Work out how much weight you need to lose

Set SMART goals

For behaviour change to be long-lasting, a simple goal-setting technique called SMART can help. When setting yourself goals like losing weight, try to be SMART about it. SMART stands for:

  • Specific: your goal should be precise, ‘I will run three times this week’, rather than general, ‘I will exercise more’
  • Measurable: your goal should be measurable
  • Achievable: breakdown your overall goal into easy mini-goals
  • Relevant: choose goals that apply to your circumstances
  • Time-specific: set yourself a time scale for achieving your goal

Use the BMI calculator above to work out how much weight you need to lose before starting the NHS weight loss plan.

The BMI tool will tell you if you're in the healthy weight range and, if necessary, how much you need to lose to achieve a healthy weight.

Ideally, you should aim for a target weight that gives you a BMI in the healthy weight category for your height (18.5 to 24.9).

The BMI tool will also provide you with your own personal daily calorie allowance to help you lose weight at a safe rate.

Having a weight loss goal to work towards is a useful way to stay focused and motivated on your weight loss journey.

Once you've worked out your weight loss target, download Week 1 of the NHS weight loss plan, a 12-week diet and exercise guide.

If you have lots of weight to lose, losing enough weight to achieve a healthy BMI may seem pretty daunting.

Some people like to set themselves small weight loss goals to stay motivated as they work their way towards their overall target weight.

However you choose to break up your goals, try to make them specific, measurable and with a deadline.

When trying to lose weight, it's tempting to want fast results. But studies show people who lose weight too fast end up putting it back on again. 

The NHS weight loss plan is designed to help you lose weight at a safe rate of 0.5kg to 1kg (1lb to 2lb) per week by sticking to a daily calorie allowance of 1,900kcal for men and 1,400kcal for women.

Unless done under medical supervision, losing weight faster than this can increase the risk of health problems, including malnutrition and gallstones, as well as causing you to feel tired and unwell.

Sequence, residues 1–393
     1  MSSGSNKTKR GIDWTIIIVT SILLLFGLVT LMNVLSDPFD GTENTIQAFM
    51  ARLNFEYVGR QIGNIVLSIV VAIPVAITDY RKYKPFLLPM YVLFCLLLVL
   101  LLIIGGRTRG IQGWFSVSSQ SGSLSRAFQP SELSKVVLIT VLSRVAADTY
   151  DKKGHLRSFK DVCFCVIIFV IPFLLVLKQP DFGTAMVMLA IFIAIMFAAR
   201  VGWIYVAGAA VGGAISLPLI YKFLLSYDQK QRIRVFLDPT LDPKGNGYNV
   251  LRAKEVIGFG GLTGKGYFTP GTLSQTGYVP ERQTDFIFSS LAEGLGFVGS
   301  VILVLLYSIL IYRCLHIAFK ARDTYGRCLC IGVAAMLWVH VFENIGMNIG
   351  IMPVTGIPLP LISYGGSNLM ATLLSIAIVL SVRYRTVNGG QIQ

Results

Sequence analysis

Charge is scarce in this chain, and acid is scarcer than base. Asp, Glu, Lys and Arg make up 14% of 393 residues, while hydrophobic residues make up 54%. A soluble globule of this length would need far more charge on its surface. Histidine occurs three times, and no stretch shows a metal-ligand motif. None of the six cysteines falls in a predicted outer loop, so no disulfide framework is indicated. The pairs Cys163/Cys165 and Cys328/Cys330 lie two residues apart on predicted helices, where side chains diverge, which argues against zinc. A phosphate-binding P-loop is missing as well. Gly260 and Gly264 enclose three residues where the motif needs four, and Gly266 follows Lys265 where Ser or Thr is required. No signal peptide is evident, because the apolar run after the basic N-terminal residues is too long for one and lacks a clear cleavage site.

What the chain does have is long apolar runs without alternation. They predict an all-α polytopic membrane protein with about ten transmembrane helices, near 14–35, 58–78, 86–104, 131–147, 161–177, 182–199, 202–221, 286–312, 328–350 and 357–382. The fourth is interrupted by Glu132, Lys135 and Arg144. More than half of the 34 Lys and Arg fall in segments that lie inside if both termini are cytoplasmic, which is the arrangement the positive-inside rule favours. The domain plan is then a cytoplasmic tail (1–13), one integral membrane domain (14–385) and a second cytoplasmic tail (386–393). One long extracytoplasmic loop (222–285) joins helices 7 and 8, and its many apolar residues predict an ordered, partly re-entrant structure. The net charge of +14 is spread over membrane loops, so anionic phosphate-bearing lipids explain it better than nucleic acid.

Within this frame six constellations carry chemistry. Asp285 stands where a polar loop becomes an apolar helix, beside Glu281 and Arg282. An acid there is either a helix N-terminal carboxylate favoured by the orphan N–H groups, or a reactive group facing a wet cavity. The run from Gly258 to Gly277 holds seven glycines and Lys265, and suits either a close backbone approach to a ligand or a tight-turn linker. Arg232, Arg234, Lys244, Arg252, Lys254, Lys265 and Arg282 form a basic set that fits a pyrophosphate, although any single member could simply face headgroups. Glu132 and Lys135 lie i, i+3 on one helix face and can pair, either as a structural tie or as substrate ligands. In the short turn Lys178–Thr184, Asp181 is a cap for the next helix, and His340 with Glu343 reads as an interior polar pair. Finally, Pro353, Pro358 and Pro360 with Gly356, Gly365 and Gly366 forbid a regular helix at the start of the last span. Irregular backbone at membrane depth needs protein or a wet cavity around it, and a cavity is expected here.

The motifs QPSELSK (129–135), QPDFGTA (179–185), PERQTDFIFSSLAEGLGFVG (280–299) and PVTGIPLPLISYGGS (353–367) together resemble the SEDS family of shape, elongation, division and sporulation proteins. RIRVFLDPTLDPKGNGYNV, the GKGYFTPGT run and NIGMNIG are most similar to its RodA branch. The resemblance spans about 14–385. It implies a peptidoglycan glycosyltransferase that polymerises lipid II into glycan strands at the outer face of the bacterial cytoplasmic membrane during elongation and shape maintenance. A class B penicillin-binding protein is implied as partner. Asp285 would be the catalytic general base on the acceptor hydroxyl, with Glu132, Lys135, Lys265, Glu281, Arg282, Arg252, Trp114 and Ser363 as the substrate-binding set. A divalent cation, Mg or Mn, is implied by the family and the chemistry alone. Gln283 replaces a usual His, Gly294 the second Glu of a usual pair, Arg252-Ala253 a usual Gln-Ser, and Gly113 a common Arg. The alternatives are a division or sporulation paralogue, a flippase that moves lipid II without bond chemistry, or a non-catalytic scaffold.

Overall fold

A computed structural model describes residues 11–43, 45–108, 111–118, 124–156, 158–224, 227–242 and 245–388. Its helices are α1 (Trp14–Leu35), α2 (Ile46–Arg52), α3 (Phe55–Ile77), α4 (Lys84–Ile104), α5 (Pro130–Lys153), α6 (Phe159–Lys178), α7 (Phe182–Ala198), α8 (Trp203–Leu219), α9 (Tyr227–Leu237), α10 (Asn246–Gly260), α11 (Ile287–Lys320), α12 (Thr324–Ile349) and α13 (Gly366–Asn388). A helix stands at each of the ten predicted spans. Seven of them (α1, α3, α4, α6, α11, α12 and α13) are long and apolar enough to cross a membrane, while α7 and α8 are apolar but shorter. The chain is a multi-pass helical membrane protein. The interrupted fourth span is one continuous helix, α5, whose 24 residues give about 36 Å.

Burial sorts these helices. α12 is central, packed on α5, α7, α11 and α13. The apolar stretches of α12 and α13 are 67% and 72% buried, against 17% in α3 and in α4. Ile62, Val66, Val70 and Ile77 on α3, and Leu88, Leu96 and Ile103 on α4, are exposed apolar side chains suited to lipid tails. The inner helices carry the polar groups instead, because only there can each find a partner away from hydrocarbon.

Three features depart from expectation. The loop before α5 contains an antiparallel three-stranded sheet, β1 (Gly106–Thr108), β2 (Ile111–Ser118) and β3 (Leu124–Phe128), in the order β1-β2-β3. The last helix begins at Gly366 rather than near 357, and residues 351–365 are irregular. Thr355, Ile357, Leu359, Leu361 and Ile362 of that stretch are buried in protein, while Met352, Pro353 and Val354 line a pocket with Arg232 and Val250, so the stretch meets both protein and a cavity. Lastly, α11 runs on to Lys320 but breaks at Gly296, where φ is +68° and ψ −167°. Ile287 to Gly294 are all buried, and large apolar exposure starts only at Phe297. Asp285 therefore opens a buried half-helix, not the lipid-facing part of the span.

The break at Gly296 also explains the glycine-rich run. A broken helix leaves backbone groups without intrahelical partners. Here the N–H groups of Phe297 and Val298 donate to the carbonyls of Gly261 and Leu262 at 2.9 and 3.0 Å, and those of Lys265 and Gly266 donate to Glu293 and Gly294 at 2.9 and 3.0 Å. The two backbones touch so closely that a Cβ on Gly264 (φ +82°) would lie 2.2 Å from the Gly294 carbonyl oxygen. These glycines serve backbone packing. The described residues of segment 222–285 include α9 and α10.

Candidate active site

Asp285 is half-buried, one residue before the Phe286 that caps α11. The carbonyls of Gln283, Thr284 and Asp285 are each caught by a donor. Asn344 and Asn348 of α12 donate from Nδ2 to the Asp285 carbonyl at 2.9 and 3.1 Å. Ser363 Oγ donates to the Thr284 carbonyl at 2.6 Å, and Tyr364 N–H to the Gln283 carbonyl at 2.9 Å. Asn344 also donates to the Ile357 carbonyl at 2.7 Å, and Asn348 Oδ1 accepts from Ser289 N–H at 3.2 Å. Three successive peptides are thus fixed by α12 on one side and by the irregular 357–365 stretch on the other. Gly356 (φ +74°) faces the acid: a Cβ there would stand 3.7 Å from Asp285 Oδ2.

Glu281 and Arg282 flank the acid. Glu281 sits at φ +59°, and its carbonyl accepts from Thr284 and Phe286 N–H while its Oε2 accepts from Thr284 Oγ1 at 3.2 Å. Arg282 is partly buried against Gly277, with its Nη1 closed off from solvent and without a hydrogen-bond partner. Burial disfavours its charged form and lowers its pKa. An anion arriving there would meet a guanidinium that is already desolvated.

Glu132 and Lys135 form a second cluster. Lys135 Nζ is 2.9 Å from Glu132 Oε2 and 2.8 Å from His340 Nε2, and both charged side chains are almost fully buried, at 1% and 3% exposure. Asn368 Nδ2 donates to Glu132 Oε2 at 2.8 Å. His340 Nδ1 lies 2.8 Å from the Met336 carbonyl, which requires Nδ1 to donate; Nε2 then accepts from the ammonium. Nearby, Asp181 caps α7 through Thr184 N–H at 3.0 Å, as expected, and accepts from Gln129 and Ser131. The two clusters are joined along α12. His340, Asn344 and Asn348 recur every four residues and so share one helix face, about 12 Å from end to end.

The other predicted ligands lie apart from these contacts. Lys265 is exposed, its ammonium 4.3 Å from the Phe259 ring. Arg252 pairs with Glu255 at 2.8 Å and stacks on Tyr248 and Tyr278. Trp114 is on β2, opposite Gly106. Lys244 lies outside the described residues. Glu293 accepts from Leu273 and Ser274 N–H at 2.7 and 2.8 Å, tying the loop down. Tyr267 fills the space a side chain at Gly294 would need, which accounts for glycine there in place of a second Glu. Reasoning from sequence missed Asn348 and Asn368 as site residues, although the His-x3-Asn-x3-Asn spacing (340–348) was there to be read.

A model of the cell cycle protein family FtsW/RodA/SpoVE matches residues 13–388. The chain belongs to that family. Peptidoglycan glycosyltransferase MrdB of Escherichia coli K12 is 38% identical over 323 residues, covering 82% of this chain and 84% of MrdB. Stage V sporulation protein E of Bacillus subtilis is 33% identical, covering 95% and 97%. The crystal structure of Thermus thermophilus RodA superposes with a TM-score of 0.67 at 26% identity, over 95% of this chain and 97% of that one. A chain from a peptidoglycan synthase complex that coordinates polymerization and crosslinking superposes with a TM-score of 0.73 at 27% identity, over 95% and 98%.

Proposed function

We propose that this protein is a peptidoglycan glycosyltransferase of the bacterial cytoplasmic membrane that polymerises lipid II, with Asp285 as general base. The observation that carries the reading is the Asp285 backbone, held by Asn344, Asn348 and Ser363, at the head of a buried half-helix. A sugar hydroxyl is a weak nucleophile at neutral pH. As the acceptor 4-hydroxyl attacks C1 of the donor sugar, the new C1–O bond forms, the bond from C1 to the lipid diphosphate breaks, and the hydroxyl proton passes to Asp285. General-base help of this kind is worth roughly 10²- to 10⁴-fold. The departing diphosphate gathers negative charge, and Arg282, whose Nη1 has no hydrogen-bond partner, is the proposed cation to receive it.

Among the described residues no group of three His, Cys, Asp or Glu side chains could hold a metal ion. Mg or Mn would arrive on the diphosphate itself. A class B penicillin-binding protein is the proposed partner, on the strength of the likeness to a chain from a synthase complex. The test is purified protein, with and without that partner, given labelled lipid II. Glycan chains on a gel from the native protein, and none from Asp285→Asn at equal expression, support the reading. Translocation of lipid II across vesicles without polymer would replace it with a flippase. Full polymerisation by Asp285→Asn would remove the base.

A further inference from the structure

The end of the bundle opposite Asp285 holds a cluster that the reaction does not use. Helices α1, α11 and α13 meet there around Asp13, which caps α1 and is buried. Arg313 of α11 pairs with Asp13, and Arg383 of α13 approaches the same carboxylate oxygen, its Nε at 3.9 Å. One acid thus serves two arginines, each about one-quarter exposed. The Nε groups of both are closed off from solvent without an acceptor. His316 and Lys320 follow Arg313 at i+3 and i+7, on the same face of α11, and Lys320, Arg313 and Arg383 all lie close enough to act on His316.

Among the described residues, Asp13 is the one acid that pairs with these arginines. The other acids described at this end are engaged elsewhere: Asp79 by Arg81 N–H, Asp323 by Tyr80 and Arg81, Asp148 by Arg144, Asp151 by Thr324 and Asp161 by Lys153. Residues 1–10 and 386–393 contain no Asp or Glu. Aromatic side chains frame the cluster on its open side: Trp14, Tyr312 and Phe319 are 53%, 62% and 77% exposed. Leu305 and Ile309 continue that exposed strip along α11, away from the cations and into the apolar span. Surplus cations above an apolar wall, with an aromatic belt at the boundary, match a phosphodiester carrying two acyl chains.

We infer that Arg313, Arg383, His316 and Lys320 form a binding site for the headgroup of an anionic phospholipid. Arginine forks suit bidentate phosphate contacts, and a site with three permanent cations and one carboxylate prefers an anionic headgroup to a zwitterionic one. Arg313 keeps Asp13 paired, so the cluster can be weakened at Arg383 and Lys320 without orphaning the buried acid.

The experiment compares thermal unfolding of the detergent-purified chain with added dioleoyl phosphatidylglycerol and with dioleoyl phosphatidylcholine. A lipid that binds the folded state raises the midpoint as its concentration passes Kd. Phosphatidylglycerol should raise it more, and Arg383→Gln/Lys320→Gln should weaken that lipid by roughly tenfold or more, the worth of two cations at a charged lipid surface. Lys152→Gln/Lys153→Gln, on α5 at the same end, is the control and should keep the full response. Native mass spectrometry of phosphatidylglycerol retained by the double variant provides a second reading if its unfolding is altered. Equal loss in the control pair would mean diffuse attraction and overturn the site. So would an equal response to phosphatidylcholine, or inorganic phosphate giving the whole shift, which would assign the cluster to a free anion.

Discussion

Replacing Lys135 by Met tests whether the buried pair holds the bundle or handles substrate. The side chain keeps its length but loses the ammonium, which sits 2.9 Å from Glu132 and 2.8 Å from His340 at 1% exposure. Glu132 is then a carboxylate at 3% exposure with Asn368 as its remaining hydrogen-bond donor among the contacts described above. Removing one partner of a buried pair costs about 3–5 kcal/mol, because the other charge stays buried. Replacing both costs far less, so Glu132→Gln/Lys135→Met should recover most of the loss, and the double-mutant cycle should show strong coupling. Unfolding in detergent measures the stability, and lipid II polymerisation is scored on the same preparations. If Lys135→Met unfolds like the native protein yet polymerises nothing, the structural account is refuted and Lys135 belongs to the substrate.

Find out about getting started on the NHS weight loss plan.

Page last reviewed: 05/12/2014

Next review due: 05/12/2016


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The 1 comments posted are personal views. Any information they give has not been checked and may not be accurate.

justregisterme said on 18 February 2015

Feeling very frustrated and need help to lose weight :(
I have an active job, constantly on my feet all day, using a pedometer I've calculated that my average is 14,000-16,000 steps per day Mon-Fri. Doing long hours I come home exhausted so admit I do sit down for the evening. Also go dancing one evening a week which I enjoy. Eating habits, well, I stopped eating anything made in a factory years ago. By rule the only processed food I have in the cupboard is a tin of chopped tomatoes or peas. I eat following the Eatwell plate guide so get all of my nutrients. I buy fresh fruit and veg and eat a portion of meat every day. I do at times skip breakfast. Hmm, don't eat cakes and biscuits are very rare. I also don't smoke or drink alcohol, never have. So, the problem is I'm over weight according to the calculators. Physically I'm a medium build and to look at me most people would say I can't be more than 9 or 10 stone, I fit in size 12 clothes. I suffer from UC and have had a lot of steroid treatment over the years, so weight gain could be caused by this. But I can't get it down to normal and I worry I'm not healthy enough. Perhaps my portion sizes are too large? Advice would be great, thanks.

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